Kite power

Wind energy harvesting at high altitudes

When thinking of harvesting energy from the wind, wind turbines appear as the widespread solution. But what about kites as a renewable energy source?

What is it about? ‘Crosswind kite power’ or ‘Airborne Wind Energy’ consists of a light aerodynamic flying device which receives energy from the wind and transports it via cables to a ground station, where there is a generator module that converts this mechanical energy into electricity. The system operates in ‘periodic pumping cycles’ [1]: when reaching the maximum allowed length of cable the kite changes its orientation with respect to wind, gliding back down allowing the rope to be rolled up again. Automatic control technology is crucial to synchronize generator and kite and to keep the forces between established limits.

What are the advantages with respect to wind turbines? 

  • Kites can access higher altitudes, where there is stronger and more continuous wind. The higher the wind speed, the higher the wind energy that can be turned into electricity. As an example: at 80 meters from the ground  the wind speed is almost 5 m/s while at 800 meters high, the wind speed raises to 7 m/s [2], so at 800 meters the extracted power could be four times higher. According to the Italian firm KiteGen [3]: ‘a configuration with 100 megawatts of peak capacity allows production of 500 gigawatt-hours per year, enough to supply 86,000 households’. Huge potential for regions with high speed jet streams, as the Netherlands!
  • Kites generate cost-effective electricity, due to higher speed and lower torque than wind turbines. According to [3], ‘KiteGen estimates that a 100-megawatt plant would produce electricity at a cost of about 0.03 euros/KWh’, lower than current wind turbines
  • Kites use flexible lightweight materials. They are lighter and more maneuverable than wind turbines. The heavy generator is positioned on the ground, reducing the structural forces and the need of a bending-resistant base or ‘foundation’ – particularly interesting for offshore applications. As a result, kites do not use the big amounts of concrete and steel that wind turbines need for the construction of their foundation and tower and blades so they have less material energy intensity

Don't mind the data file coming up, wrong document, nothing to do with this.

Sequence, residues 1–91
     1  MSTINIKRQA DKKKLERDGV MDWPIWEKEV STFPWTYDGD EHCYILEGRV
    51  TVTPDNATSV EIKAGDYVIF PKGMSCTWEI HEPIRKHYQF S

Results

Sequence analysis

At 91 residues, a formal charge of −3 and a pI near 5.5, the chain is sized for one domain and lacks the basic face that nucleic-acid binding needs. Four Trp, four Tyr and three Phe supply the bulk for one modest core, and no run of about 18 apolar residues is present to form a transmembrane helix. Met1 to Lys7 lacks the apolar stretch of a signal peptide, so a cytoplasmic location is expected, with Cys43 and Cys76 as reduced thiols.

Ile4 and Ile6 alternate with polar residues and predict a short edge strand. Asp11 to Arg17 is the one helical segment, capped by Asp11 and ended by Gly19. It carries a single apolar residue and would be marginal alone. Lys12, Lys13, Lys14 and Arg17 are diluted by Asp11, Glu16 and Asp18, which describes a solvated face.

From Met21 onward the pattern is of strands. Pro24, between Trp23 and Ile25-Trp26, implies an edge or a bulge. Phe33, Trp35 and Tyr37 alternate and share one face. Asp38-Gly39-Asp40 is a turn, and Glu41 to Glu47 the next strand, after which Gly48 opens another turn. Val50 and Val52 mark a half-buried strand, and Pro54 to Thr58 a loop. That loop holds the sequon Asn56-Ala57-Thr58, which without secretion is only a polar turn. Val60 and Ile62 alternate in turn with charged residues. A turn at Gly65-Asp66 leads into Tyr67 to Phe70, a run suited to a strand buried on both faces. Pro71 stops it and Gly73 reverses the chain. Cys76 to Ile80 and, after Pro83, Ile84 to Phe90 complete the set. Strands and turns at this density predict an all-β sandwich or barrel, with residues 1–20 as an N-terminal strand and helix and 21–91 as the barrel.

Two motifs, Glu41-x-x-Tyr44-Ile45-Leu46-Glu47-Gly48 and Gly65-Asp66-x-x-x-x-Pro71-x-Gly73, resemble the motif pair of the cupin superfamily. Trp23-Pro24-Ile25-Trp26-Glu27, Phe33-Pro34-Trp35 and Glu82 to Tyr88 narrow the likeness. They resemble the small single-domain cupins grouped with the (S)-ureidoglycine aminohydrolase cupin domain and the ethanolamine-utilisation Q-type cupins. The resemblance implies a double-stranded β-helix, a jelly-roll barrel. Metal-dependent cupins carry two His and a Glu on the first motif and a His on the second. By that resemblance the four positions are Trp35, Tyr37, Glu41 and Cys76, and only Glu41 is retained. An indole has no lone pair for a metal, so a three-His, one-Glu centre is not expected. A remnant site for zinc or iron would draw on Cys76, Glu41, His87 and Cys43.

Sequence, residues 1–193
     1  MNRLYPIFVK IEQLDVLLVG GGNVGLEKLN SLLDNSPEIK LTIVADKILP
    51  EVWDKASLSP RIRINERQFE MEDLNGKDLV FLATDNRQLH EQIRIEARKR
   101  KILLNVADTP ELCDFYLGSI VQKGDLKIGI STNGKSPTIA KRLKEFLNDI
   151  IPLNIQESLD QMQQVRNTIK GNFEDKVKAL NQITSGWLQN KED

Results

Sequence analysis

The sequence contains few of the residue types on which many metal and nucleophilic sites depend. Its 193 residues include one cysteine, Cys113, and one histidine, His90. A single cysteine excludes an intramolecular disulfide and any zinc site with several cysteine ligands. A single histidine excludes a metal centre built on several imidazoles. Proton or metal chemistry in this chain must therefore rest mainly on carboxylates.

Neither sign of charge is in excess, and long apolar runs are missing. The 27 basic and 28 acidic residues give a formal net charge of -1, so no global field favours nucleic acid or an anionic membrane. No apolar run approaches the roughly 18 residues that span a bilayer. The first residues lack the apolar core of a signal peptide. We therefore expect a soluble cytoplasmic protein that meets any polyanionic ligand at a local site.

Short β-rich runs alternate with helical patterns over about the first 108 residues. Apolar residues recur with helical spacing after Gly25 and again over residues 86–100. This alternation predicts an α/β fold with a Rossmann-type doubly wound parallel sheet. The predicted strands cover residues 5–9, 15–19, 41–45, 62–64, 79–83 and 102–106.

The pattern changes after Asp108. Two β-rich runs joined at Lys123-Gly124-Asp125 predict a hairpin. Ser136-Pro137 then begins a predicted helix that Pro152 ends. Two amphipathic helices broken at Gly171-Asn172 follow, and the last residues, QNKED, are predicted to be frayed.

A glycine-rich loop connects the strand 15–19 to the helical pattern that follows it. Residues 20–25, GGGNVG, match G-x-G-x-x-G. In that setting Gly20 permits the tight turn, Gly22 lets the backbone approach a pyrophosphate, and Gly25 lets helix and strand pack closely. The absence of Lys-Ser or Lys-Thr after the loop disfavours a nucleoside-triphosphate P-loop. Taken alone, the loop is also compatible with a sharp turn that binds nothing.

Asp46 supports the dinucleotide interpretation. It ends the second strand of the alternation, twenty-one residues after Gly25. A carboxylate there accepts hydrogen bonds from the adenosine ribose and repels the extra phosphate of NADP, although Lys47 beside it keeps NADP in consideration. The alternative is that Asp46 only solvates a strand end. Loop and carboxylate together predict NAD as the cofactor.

• Kites have a lower environmental impact. Due to the higher altitudes and the kites’ tensile structure, the landscape is less visually damaged. Noise emissions from the rotor blades in wind turbines and potential accidents with birds could also be better avoided. Essential for a touristic island as Texel!
  • Kites have higher portability and modularity. They can be more easily disassembled and transported to a new site for deployment. Additionally, the generator and power electronics are at ground level, which allows more convenient and safer operation and maintenance. 

What are the challenges to penetrate and upscale in the market? There are technical challenges mainly regarding the automatic flight control system, but also the optimization of lightweight materials, aerodynamics and general layout (e.g. several kites in tandem) to obtain higher power outputs. However, as a socio-technical system the hurdles to become a mainstream source of electricity are beyond technical ‘immaturity’!  Regulatory permissions regarding use of the land and especially of the airspace is the main one, together with certification, lifecycle cost modelling, noise of the ground station, reliability at different operating conditions… and general social acceptance.

There are currently many small-scale concepts not only at Delft [1] but also in UK [4], Switzerland [5] and USA [6] to name some. Delft’s prototype provides 20 KW. Although this power output is by far not enough to substitute a coal-based energy industry it can assist in single family houses, music festivals, disaster areas, remote alpine buildings or settlements and off-the-grid villages. It can be a cost-effective solution for developing regions [7] and why not: an opportunity for a sustainable development of Texel! Both for land farms and offshore applications.

To finish with, on my research on kite power I have discovered one inspiring person: Wubbo Ockels- first Dutch astronaut and creator of Chair of Aerospace for Sustainable Development at TU Delft, with four initiatives: ‘Laddermill’, kite propeller ships, Nuna solar cars and the Superbus [8]. Check them out!



[1]: TU Delft Kitepower Group:







[8]: Joris Melkert. Design in the chair AeroSpace for Sustainable Engineering and Technology (ASSET). TU Delft